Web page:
Unsafe roadway conditions, especially on high-speed arterial roads outside the city core, may make sidewalks the only safe, practical route, even for experienced cyclists. Point taken. But too many people jump the curb in busy shopping districts, on quiet residential streets, and even those with dedicated bike lanes. According to bylaw, only children, with wheel diameters of 24 inches or less, are encouraged to ride on sidewalks as they learn to ride. The city offers CAN-BIKE courses so both youngsters and adults can master the rules of the road and become comfortable with safely navigating downtown roadways.
One early lesson might be that riding on the sidewalk puts cyclists themselves at risk for a collision with a car. It seems counter-intuitive, but that was one surprising conclusion reached by the Toronto Bicycle/Motor-Vehicle Collision Study (2003), the same report cited extensively in The Walrus. In fact, the study discovered that the practice is a contributing factor in 30 percent of car and bike collisions, because motorists can be surprised by riders emerging quickly from unexpected places.
2008_05_22SidewalkRiding.jpgUnfortunately, the same report doesn’t offer any statistics on the relative frequency of pedestrian/cyclist collisions. Nor has research conducted by staff in the office of Councillor Adrian Heaps, who chairs the City Cycling Committee, turned up any records regarding the scope of the problem. Accurate statistical measurement of pedestrian/cyclist incidents is probably impossible, and the vast majority would probably be minor or without injury. Some would certainly be caused by pedestrians themselves by darting out into bike lanes without looking. The relative gravity of pedestrian injuries should be beside the point, just as a spree of cyclist fatalities shouldn’t be required in order to spur bike-friendly policies.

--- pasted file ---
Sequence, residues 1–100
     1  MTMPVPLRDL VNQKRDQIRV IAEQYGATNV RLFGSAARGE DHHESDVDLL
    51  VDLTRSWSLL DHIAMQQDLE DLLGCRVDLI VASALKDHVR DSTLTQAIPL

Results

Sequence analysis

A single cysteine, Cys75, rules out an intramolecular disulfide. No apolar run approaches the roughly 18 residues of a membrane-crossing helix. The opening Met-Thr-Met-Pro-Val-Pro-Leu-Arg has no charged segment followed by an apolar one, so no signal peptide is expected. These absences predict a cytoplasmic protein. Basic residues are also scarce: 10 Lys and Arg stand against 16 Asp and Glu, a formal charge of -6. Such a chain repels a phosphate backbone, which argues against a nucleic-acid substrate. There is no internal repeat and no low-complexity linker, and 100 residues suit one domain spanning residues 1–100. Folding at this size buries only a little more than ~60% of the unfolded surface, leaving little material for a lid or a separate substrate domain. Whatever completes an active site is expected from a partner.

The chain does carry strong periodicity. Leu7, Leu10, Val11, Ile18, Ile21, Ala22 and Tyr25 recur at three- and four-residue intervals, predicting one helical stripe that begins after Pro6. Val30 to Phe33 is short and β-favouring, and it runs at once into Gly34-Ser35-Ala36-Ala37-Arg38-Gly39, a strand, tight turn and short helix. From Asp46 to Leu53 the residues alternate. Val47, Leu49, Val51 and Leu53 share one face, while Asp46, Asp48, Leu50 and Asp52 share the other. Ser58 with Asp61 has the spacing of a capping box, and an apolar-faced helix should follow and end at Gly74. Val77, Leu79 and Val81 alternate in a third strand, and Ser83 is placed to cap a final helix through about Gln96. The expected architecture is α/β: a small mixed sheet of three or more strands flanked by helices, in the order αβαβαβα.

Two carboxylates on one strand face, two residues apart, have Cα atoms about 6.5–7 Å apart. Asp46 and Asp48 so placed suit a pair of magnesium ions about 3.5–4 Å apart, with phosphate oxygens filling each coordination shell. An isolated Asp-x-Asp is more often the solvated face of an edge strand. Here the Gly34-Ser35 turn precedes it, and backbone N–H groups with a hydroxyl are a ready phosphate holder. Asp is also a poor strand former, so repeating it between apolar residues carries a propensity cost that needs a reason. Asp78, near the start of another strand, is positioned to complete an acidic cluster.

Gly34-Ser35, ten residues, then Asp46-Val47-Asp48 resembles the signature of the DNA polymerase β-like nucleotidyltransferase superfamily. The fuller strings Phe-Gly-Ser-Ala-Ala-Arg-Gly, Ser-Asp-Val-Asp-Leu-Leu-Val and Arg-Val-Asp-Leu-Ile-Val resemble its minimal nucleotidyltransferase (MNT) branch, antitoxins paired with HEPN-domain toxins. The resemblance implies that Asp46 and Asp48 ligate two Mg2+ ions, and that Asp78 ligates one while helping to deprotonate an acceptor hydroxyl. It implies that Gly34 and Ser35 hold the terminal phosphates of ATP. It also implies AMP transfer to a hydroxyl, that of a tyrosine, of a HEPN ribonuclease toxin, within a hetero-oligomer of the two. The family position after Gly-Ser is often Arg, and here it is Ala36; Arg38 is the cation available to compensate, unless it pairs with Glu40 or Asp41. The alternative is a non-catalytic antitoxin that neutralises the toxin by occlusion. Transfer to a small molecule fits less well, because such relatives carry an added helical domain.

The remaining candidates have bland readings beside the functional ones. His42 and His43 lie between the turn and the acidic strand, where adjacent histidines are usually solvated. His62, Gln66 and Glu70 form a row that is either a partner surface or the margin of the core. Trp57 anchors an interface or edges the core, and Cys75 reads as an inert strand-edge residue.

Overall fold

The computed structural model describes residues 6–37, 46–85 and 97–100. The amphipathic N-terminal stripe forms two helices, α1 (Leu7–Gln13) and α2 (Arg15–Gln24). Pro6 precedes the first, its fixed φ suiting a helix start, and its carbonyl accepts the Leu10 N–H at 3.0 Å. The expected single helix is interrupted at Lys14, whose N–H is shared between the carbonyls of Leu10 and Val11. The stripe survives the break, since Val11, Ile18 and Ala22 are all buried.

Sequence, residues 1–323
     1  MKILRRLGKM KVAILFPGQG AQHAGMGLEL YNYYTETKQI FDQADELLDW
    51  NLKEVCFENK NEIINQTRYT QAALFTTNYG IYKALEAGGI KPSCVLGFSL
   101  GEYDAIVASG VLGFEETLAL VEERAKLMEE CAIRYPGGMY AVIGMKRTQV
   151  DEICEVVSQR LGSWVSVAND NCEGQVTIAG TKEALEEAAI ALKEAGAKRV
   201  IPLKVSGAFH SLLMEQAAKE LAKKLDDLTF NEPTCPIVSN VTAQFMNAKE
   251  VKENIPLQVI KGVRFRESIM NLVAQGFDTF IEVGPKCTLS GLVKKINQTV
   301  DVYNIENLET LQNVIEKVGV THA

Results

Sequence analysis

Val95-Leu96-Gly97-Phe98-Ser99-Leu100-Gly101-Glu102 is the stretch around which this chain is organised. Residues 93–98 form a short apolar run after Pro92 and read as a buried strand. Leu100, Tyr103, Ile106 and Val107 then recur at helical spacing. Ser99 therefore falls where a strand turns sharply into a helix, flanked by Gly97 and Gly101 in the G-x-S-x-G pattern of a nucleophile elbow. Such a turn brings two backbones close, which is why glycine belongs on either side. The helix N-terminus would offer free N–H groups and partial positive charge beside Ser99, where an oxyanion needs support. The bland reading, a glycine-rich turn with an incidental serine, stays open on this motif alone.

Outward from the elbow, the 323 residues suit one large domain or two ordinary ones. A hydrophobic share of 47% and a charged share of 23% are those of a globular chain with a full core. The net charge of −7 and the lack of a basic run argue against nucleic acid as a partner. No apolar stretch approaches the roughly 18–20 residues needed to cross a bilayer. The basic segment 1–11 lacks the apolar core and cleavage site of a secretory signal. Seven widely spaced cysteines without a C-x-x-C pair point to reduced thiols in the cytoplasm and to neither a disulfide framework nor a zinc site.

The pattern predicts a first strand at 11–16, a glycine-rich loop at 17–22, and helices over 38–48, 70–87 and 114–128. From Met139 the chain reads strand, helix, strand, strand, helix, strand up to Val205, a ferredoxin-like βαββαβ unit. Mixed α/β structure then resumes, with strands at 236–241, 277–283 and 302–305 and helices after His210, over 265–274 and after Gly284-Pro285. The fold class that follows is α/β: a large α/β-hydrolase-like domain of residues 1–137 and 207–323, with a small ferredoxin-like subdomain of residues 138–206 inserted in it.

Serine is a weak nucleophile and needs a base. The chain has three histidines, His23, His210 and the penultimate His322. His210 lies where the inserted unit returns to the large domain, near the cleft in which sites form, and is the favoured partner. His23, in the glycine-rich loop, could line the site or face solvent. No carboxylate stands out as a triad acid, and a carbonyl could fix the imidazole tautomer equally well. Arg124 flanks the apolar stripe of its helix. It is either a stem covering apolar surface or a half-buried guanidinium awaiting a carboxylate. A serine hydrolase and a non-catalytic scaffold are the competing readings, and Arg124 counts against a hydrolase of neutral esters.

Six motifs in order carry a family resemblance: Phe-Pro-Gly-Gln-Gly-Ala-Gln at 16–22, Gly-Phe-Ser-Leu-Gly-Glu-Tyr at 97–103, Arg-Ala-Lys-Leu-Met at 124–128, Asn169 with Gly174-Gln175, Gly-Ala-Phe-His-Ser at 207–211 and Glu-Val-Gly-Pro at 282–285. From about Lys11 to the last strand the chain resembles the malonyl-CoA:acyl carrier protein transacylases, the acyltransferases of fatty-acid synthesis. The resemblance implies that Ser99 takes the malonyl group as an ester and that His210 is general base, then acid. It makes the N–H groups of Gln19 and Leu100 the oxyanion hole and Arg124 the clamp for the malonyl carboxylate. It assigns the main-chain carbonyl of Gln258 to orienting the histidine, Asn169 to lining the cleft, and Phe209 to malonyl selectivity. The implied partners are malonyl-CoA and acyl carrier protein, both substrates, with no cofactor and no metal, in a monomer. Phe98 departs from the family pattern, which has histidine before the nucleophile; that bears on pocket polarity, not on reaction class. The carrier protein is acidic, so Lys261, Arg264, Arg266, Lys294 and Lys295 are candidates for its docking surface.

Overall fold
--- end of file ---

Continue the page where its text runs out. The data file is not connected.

Maybe if cycling on the street were made safer, there’d be no reason to jump the curb. With insane drivers and sometimes unsafe roadway conditions, maybe it’s inevitable that a “passive Toronto cyclist turns into a cycle terrorist,” driven to lash out by yelling and keying cars. But as you’re jumping the curb to escape the “Bay Street boobs,” “sanctimonious twerps,” and “pin-headed Hummer drivers,” here’s one simple question: where do pedestrians go to escape the cyclist?
There is a growing emphasis on shifting the focus of road design to take greater account of bikes. Naturally, advocates and planners are looking to across the ocean for bike-friendly inspiration. Europe is more progressive with dedicated bike lanes—although Preville notes Toronto aims for 500 kilometres of lanes by 2012—but cyclists there aren’t any more attentive to pedestrians. Reynolds recounts a trip to bike-dominated Amsterdam, where pedestrians have to fight through crossings while getting catcalled by cyclists, and locals castigate tourist riders for not knowing the subtleties of local convention. That city, he notes, “is on the verge of becoming a bike dystopia.” “Maybe,” Reynolds concedes, “there is something in wheeled motion itself that induces aggressive behaviour.”
A change in motorist attitudes is essential to safely accommodate the growing number of bicycling commuters in Toronto. But cyclists must also remember to be respectful of pedestrians in the push to make city streets less car-oriented.
Bottom two photos by Jay Morrison from the Torontoist Flickr Pool.